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"Colorado Mule Deer Success"
Written by Jason McCarthy

Colorado Mule Deer Success
My story begins in April of 2007...the day I submitted for a tag in my home state of Nevada. I haven't drawn a mule deer tag in three years and thought this may be the year. My good friend Adrian also talked me into submitting for a tag in Colorado's unit 65. I submitted for both states hoping I would at least get one of the two tags. As luck would have it, I drew tags in both states. The hunt in Nevada ran the first two weeks in October and the Colorado 2nd season ran through the third week of October. I started planning for the upcoming three week hunt. I had enough vacation time saved up at work, and was lucky because my supervisor was also a hunter. I also made arrangements with the local florist to have flowers delivered to my house for the entire third week of October. My five-year anniversary fell right in the middle of the Colorado hunt. (Some advice to married hunters, flowers do work!)

Before I knew it, the Nevada hunt was here and off we went. I was excited about this hunt because my 76 year-old grandfather was meeting us from Utah. My Grandfather was going to stay for the first three days of the six-day hunt. Besides me and my grandfather, our camp also consisted of my good friends Chris, Adrian, and my brother-in-law, Shane. Opening day of the hunt was good with snow on the ground and cold weather, but as the week went on the weather became warmer. All four of us finished the week harvesting some average bucks. We packed up and headed for Montrose, Colorado.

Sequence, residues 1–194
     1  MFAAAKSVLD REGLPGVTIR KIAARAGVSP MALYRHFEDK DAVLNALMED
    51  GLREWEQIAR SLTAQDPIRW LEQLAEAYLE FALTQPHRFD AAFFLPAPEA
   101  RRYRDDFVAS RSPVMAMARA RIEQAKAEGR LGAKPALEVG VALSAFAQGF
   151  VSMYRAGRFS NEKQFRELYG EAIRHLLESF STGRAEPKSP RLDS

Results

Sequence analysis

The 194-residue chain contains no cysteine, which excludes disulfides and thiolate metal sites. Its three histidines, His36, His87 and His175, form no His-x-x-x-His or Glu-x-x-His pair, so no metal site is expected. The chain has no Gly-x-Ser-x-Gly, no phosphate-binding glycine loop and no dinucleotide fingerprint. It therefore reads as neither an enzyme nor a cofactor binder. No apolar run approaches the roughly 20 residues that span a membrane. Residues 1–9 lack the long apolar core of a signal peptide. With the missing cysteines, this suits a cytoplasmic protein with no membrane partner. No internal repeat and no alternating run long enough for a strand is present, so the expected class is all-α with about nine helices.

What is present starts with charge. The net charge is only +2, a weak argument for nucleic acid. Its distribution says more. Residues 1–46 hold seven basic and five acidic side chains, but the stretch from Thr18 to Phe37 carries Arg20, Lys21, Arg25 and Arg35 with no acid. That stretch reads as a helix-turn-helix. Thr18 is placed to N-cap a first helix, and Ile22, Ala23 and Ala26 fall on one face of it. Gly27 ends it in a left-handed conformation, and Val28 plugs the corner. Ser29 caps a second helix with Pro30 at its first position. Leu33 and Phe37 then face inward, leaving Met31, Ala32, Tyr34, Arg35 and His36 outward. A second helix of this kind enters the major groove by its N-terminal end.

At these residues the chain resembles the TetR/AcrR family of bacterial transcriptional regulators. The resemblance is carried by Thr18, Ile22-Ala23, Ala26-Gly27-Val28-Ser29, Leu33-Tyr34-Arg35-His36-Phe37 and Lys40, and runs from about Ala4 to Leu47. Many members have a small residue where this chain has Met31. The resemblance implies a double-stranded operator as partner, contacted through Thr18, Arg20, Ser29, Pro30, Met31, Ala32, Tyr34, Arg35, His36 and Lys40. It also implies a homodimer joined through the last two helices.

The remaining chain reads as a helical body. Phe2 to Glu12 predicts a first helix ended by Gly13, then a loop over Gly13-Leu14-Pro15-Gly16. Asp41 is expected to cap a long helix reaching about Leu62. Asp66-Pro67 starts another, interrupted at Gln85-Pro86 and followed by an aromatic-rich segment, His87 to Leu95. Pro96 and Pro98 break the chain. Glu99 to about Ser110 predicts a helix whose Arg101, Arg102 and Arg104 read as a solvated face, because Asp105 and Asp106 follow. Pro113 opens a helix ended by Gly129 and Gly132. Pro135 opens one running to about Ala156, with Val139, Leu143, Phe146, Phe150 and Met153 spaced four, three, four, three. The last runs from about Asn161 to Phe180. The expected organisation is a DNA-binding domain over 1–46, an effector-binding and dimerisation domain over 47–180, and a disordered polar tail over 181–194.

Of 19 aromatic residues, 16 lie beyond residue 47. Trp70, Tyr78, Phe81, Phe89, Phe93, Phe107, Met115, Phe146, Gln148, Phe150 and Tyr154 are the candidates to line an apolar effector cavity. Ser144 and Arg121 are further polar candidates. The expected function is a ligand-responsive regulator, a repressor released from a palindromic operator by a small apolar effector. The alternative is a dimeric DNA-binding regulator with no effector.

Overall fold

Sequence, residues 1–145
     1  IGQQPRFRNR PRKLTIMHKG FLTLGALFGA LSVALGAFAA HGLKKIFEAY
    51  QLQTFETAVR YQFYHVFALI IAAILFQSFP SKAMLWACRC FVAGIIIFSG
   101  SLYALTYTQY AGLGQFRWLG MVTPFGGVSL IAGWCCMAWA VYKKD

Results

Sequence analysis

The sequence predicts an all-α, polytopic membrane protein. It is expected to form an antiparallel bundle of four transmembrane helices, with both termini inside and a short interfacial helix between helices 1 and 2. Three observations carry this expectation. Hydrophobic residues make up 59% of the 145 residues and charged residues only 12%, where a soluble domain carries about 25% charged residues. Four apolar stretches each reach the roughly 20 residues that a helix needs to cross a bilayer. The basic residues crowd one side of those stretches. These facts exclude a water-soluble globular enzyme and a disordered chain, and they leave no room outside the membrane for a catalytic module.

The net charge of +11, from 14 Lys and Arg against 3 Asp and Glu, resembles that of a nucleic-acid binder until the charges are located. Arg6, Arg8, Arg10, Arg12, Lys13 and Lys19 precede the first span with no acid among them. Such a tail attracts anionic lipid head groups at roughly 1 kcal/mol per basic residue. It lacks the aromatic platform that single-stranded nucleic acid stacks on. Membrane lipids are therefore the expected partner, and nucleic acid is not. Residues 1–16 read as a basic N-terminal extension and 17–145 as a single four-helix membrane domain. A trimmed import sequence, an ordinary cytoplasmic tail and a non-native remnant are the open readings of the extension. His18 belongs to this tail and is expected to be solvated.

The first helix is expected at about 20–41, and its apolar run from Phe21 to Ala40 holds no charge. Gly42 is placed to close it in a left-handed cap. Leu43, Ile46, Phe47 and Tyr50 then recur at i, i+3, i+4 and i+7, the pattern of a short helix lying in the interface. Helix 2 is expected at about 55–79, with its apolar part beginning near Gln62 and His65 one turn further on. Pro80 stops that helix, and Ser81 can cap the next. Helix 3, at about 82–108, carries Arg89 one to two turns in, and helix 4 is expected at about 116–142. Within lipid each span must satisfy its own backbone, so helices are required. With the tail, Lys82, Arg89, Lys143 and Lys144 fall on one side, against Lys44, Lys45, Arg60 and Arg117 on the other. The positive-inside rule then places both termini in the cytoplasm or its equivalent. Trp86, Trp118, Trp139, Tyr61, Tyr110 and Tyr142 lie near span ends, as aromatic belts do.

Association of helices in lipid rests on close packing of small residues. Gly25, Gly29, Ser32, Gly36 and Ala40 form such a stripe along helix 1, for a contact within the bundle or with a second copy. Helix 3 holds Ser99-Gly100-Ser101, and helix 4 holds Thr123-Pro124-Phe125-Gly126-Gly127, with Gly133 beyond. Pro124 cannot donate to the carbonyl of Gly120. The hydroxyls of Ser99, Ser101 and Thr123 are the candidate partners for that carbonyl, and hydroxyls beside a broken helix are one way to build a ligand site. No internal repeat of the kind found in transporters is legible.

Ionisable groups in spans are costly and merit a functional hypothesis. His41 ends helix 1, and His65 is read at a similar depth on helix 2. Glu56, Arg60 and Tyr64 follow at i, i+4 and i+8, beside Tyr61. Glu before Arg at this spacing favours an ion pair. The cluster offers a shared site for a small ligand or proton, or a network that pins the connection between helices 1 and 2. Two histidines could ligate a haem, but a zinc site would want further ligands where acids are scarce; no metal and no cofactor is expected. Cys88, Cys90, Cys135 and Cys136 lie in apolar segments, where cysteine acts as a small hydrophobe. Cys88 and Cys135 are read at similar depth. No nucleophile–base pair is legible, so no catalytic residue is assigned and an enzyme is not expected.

After arriving in Colorado, Adrain and myself scouted our hunting area for three days prior to opening day. We saw a lot of bucks, many more than we saw in Nevada. Opening day arrived and we were surrounded by elk hunters, and never saw any deer. We decided to hike to the high country the next day to avoid the hunting pressure. The second day was continuous snowfall and complete whiteout conditions, so we decided to road hunt. We spotted several deer bedded, but no bucks. I felt good about the third day of the hunt, because the snowstorm had blown through. The third morning we headed out of camp around 4 a.m. It took and hour to get to our hunting spot, and another hour of hiking in a foot of snow. The area we were hunting was rolling hills covered in sagebrush. At the highest point of the hill were small patches of aspens trees, which surrounded the thick forest on top. We decided to split up, with Adrian going to the edge of the forest, hunting below the aspens. The plan was to work from east to west. Off we went, Adrain started toward the high country and I started straight across the rolling hills along the bottom edge of the aspens. I found myself going down one raven and straight up another. It was tough walking in wet snow.

Colorado Mule Deer Success